• PTRACE_PEEKDATA: Used by the tracer to inspect and extract the word of data residing at the speciDied location within the tracee’s virtual address space. A call to ptrace(PTRACE_PEEKDATA, pid, 0x7fa59a8b0000) would return the eight bytes residing at address 0x7fa59a8b0000 within the tracee’s virtual address space, and a call

to ptrace(PTRACE_PEEKDATA, pid, ptrace(PTRACE_PEEKUSER, pid, RDI * sizeof(long)) would return the eight bytes residing at another address, which itself resides in %rdi). If you know the contents of a register is an address interpretable as the base address of a ‘\0’-terminated C string, you can collect all of the characters of that string by a sequence of PTRACE_PEEKDATA calls, as implied by the partial implementation of readString I shared above.

More Words of Wisdom

  • Take time to digest everything you just read. Make sure you truly understand what every line in the starter code does.

  • When run in full mode, you’ll need access to a collection of maps storing system call function names, system call signatures, and return types. You’ll also need to know what #deYine constants should be printed (in text form) when system calls fail. We provided you with several libraries that crawl over the system header Diles to extract information about system call numbers and errno constants, and over a reasonably large number of source Diles implementing the Linux kernel. You’re welcome to peruse the trace-error-constants.cc and trace-system-calls.cc source Diles, but you really only need to read through the corresponding interface Diles to understand what they do for you. The function that crawls over the Linux kernel code base assumes your subprocess implementation is solid, so you’ll need to make sure you get that working before you can expect the support libraries to work.

  • The very Dirst time you run trace, you should expect it to take a while to read in all of the prototype information for the linux kernel source tree. All of the prototype information is cached in a local Dile after that (the cache Dile will sit in your repo with the name .trace_signatures.txt), so trace will Dire up much more quickly the second time. Should you want to rebuild the prototype cache for any reason (e.g. you learn your subprocess implementation is borked and allowed a

bogus .trace_signatures.txt Dile to be generated), you can invoke trace with the –rebuild Dlag, as with ./trace –rebuild –simple ./simple-test5.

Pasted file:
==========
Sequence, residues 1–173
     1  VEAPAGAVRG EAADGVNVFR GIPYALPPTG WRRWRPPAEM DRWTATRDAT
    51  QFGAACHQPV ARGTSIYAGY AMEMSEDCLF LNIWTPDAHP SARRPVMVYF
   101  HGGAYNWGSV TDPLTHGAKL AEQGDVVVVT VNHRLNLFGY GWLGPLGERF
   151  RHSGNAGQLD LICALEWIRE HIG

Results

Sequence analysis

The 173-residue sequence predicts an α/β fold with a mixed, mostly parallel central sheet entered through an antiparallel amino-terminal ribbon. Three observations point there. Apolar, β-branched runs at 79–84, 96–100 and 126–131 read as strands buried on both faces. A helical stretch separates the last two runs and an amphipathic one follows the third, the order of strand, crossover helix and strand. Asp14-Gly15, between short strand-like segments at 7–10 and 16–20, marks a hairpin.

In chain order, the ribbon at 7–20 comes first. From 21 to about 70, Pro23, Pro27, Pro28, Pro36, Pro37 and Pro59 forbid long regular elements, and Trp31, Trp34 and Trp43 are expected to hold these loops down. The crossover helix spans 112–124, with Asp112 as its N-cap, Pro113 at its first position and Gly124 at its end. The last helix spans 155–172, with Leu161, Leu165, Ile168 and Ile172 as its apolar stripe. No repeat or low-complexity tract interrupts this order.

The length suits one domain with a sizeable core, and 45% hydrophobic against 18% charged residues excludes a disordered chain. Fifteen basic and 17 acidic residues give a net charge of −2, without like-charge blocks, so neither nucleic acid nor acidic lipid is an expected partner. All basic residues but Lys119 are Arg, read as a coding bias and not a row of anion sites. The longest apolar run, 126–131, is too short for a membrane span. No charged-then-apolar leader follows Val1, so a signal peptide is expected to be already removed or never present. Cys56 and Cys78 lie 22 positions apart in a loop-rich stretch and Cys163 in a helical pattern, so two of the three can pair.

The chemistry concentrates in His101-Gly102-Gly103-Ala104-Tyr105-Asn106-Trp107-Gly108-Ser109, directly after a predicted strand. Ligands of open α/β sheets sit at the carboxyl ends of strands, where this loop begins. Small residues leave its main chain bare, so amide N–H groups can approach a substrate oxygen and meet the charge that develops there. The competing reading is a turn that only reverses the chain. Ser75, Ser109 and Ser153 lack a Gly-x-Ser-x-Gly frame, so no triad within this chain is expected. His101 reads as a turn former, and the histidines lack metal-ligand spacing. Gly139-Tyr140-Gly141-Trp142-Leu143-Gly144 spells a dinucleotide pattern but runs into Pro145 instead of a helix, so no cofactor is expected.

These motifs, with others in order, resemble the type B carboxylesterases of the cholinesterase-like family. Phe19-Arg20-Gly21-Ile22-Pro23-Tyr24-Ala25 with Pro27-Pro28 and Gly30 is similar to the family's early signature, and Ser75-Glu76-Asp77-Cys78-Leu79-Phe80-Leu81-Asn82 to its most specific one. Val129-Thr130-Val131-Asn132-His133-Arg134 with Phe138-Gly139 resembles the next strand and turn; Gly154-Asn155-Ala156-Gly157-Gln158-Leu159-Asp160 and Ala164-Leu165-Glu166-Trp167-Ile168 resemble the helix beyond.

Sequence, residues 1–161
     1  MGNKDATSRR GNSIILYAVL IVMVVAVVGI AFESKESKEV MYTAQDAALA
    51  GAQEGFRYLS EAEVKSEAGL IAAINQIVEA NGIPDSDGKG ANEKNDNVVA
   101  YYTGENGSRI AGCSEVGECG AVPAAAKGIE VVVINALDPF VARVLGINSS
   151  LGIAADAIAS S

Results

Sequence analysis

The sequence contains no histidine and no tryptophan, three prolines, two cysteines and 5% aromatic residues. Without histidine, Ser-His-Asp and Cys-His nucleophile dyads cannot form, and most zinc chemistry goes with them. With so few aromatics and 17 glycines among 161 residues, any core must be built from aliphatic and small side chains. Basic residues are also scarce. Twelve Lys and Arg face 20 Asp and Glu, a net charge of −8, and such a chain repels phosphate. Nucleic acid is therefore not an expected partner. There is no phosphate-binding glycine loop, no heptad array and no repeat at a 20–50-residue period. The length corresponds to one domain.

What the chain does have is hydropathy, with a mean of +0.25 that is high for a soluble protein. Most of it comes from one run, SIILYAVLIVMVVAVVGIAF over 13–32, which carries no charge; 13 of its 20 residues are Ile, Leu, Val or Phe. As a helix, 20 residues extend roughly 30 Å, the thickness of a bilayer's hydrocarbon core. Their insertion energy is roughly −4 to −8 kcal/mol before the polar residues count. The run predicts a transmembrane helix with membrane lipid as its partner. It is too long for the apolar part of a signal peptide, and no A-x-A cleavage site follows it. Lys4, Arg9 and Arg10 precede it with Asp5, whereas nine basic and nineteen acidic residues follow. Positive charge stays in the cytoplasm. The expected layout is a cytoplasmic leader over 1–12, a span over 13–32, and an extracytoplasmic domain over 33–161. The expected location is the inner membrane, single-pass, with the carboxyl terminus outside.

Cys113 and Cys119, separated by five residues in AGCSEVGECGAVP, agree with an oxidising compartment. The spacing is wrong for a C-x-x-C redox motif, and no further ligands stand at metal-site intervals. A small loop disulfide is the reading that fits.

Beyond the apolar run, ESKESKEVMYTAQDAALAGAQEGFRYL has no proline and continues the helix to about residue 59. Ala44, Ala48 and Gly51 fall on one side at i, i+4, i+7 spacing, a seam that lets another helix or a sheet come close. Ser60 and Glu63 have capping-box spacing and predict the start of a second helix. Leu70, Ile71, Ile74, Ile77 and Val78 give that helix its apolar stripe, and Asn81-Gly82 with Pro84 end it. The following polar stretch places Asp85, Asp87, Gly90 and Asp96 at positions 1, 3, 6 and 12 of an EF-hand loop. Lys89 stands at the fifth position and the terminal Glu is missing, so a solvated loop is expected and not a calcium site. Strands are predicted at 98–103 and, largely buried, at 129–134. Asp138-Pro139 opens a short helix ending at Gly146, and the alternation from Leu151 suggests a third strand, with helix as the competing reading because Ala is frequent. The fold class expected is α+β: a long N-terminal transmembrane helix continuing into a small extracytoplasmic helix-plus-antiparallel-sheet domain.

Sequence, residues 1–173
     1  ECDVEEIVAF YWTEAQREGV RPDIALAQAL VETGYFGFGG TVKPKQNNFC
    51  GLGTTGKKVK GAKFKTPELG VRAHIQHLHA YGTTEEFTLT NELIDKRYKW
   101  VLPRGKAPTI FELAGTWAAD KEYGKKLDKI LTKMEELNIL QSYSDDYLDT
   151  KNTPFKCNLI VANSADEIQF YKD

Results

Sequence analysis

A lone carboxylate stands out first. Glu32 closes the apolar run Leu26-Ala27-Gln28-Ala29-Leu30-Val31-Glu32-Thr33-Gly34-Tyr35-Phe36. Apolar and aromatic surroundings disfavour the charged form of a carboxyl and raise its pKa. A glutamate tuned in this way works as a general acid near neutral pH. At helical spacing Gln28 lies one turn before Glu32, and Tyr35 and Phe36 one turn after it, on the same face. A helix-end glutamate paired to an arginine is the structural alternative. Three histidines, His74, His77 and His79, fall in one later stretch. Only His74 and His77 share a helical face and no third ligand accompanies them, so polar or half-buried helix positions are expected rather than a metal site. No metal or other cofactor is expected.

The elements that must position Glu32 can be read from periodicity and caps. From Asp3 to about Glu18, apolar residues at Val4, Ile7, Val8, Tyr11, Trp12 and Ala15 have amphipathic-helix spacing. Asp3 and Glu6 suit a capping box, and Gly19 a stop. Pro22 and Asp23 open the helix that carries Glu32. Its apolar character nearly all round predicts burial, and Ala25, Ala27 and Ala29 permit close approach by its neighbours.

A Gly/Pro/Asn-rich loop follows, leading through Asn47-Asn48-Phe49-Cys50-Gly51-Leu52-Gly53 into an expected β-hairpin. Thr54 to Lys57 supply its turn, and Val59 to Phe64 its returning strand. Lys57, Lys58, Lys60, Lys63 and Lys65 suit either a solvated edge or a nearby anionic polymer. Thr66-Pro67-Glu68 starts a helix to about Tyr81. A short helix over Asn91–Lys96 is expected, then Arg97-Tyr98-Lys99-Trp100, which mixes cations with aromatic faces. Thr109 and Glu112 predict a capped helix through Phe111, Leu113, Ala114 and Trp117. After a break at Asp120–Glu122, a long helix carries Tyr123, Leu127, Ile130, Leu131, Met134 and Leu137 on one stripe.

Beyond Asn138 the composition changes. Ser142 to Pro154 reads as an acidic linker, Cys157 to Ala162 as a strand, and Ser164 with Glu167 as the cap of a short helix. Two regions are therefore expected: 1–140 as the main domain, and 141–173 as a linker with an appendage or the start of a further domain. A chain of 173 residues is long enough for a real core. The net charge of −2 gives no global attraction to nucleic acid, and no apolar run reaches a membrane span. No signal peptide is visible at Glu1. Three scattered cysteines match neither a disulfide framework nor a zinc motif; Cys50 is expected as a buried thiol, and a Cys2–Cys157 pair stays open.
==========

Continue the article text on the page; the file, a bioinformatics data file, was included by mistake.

• Some system call signature information isn’t easily extracted from the Linux source code, so in some cases, the system call signature map populated may not include a system call (e.g. arch_prctl comes to mind). If the prototype information is missing from the map, print <signature-information-missing> in place of a parameter list, as with arch_prctl(<signature-information-missing>).

  • All arguments are either ints, char *s, or general pointers. The long returned by ptrace needs to be truncated to an int, converted to a C++ string, or reinterpreted as a void * before printing it.

  • This particular program certainly relies on signals, but there are no exposed signal handler functions in my own solution. You’ll get practice with signal handlers on the Dinal Assignment 3 problem, and even more practice with Assignment 4.

  • My own solution has been compiled into an executable named trace_soln, and it’s accessible from ./ samples. Feel free to play with it and compare what it generates to what yours does.

  • The return value of trace is always the return value of the tracee. Running the sample executable on simple-test3 should make it clear what I’m expecting.

Scherzo No. 4 Implementing farm in C++

Your Dinal challenge is to harness the power of a computer’s multiple cores to manage a collection of executables, each running in parallel to contribute its share to a larger result. For the purposes of this problem, we’re going to contrive a scenario where the computation of interest—the prime factorization of arbitrarily large numbers—is complex enough that some factorizations take multiple seconds or even minutes to compute. The factorization algorithm itself isn’t the focus here, save for the fact that it’s potentially time consuming, and that should we need to compute multiple prime factorizations, we should leverage the computing resources of our trusty myth cluster to multiprocess and generate output more quickly.

Consider the following Python program called factor.py:

lu1796yaf89c tmp 502cbbc284a68a2c

self_halting = len(sys.argv) > 1 and sys.argv[1] == ‘–self-halting’

pid = os.getpid()

while True:

if self_halting: os.kill(pid, signal.SIGSTOP)

try: num = int(raw_input()) # raw_input blocks, eventually returns a single line from stdin

except EOFError: break; # raw_input throws an EOFError when EOF is detected start = time.time()

response = factorization(num)

stop = time.time()

print ‘ %s [pid: %d, time: %g seconds]’ % (response, pid, stop – start)

You really don’t need to know Python to understand how it works, because every line of this particular program has a clear C or C++ analog. The primary things I’ll point out are: